Rambuck was in southern Illinois today on a scouting trip and called with a report that the white oaks are starting to drop. He was able to locate a couple dominant trees, but said that he wasted a lot of time checking unproductive areas. It wasn't until he recalled an observation that we have made many times that he began to find acorns on the ground.
If you are having trouble locating acorn-producing trees (assuming you know how to identify them - if you don't, click on the Tree ID articles to the right) try concentrating your search on the north-facing slopes of hills. The ground will contain more moisture because it is not exposed to the harsh sun like the south-facing and west-facing slopes. East-facing slopes are somewhere between north-facing and west-facing slopes in moisture content. Take a look at where the shadows fall in this aerial photograph.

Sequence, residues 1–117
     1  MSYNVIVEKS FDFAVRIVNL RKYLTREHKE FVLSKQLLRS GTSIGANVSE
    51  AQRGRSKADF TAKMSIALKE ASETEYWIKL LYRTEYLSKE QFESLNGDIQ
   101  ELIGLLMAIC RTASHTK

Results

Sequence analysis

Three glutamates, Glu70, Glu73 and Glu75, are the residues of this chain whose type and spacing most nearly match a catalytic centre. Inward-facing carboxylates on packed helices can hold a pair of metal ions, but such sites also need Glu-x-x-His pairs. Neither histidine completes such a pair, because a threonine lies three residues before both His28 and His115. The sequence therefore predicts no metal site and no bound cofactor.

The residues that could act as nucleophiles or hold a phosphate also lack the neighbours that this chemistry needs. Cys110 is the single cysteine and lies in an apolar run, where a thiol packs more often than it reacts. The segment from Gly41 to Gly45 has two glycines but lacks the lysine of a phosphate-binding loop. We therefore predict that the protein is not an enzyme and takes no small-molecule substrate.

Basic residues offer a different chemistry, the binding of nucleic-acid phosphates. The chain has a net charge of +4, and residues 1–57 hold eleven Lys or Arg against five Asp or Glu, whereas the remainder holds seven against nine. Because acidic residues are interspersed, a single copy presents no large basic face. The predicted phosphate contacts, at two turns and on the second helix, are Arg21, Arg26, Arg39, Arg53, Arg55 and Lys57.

More moisture often equates to more nuts. This is obviously not a hard and fast rule, but it seems to hold true more often than not. If I'm scouting an unfamiliar area, I always start with the north slopes, especially if the ground vegetation seems dry and burned up on the southern slopes. See the Size Matters article for a discussion of other factors that influence mast production.
Hope that helps. Leave us a comment and let us know.